May 6, 2012
12 years ago, I concocted a plan to single-handedly provide enough eggs for all of the teachers in the greater Pittsburgh Area to use in their classrooms. At the time I was operating under a theory that in order to really understand monarchs, a child should only raise monarchs that hatched from locally laid eggs. My ideas about that have evolved a bit over the years. I now believe that both teachers and students would learn more about monarchs if they went out into the milkweed patches growing in their community and found monarch eggs themselves. It immerses them in the ecosystem of the milkweed patch and gives them a context from which to understand the monarchs. But that year I was intent on finding local, wild-laid eggs in August in huge quantities. Luckily the word hadn’t gotten out that I would be providing so many eggs, but I did have a few teachers waiting. I spent a great deal of time combing through several milkweed patches nearby. One day after checking all of the logical places for a monarch butterfly to lay her eggs, I wandered deep into a thick stand of A. syriaca ramets and found that some monarch was laying eggs way down on the bottom leaves in the center of the patch. There is no way that she could be flying down there. The leaves were broad and overlapping. The eggs were all on the bottom sides. She had to be landing and crawling down into the milkweed thicket to lay her eggs. There continued to be eggs in that part of the milkweed patch for about 3 weeks. I never actually saw the monarch who was laying them, but it was the seed of a hunch: individual monarchs tend to lay eggs over and over again in similar places. In the following years I had tents full of breeding monarchs with little sharpie dots and dashes on their hind wings that identified them and I noticed a pattern. Many butterflies stuck to the traditional bottom-side-of-the-top-leaves egg laying strategy, but I observed butterflies who consistently preferred to lay their eggs on pods, or stems, or the top of leaves, or on buds.
This spring, egg laying in my Waystation (#4970 Union, WV 37.56 , -80.51) began on April 27. It is continuing daily. Many more milkweed shoots are up and many respectable, robust plants (8+ fully extended leaves) are present. This is the earliest in the 6 years that I have been in this area that I have seen this much continuous egg laying this early. Though I am sure egg laying was occurring in May, it seems that in the past it was more sporadic and I didn’t encounter it with such frequency.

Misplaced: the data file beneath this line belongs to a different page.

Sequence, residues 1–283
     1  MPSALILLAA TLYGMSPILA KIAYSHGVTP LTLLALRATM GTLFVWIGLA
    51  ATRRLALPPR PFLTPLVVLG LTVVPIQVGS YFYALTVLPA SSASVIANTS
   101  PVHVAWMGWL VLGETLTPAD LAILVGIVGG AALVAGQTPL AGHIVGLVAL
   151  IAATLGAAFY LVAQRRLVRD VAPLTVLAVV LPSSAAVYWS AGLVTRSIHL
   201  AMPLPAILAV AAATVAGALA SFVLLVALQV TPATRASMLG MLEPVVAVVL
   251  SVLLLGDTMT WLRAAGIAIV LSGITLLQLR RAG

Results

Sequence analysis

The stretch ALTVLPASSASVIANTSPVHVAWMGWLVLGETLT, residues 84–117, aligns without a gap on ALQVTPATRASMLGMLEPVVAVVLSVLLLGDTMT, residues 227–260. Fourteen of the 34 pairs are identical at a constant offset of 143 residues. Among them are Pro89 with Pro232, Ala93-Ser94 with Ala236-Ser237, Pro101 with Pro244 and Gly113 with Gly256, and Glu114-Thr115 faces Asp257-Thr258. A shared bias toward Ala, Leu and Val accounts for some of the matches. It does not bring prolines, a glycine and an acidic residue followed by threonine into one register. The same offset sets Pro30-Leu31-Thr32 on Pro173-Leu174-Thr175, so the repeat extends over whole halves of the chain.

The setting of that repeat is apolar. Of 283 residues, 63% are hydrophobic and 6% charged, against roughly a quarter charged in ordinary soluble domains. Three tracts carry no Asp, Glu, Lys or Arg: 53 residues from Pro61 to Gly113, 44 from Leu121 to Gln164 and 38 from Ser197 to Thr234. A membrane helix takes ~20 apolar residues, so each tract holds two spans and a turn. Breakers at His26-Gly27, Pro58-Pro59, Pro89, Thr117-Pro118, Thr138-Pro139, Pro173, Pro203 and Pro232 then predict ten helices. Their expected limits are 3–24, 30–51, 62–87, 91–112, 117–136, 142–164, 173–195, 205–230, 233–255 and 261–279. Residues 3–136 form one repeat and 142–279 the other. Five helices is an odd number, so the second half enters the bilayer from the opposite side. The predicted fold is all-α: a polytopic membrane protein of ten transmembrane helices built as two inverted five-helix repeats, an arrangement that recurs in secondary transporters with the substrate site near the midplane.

The butterflies are not being any more cooperative than ever about showing up so I have a chance to watch them, so I am guessing about who is laying eggs by how the eggs are laid. I thought that the eggs I had seen up until today had all been laid in the usual manner—on the under side of leaves near the top of the plant. Since that is the most common way for eggs to be laid, they could easily have been laid by different females or by just one. While checking milkweed in my garden this afternoon, I found 6 eggs laid on the top of leaves on six different plants. Going back through my photos I was surprised to see that one of the eggs I found earlier was also laid on the top of the leaf. I wonder, do I have a single monarch with variable egg laying preferences who is still here after 9 days? Are there two or more different monarchs laying eggs in my area? Is there something about the milkweed this early that inspires more monarchs to lay eggs on the top of the leaves? I’ll keep watching and see if I can find a pattern.
It will be interesting to see how distribution of monarchs works this season with so many monarchs so far north so early. Since the migration seems to be cued by sun angle and seems to continue until the end of June, will that mean that the breeding area goes further north? Will the more southerly breeding areas continue to be active? Will it matter what the summer temperatures are? We’ll all just have to monitor our areas and see what happens.
Ba Rea, On the Knobs over Union, WV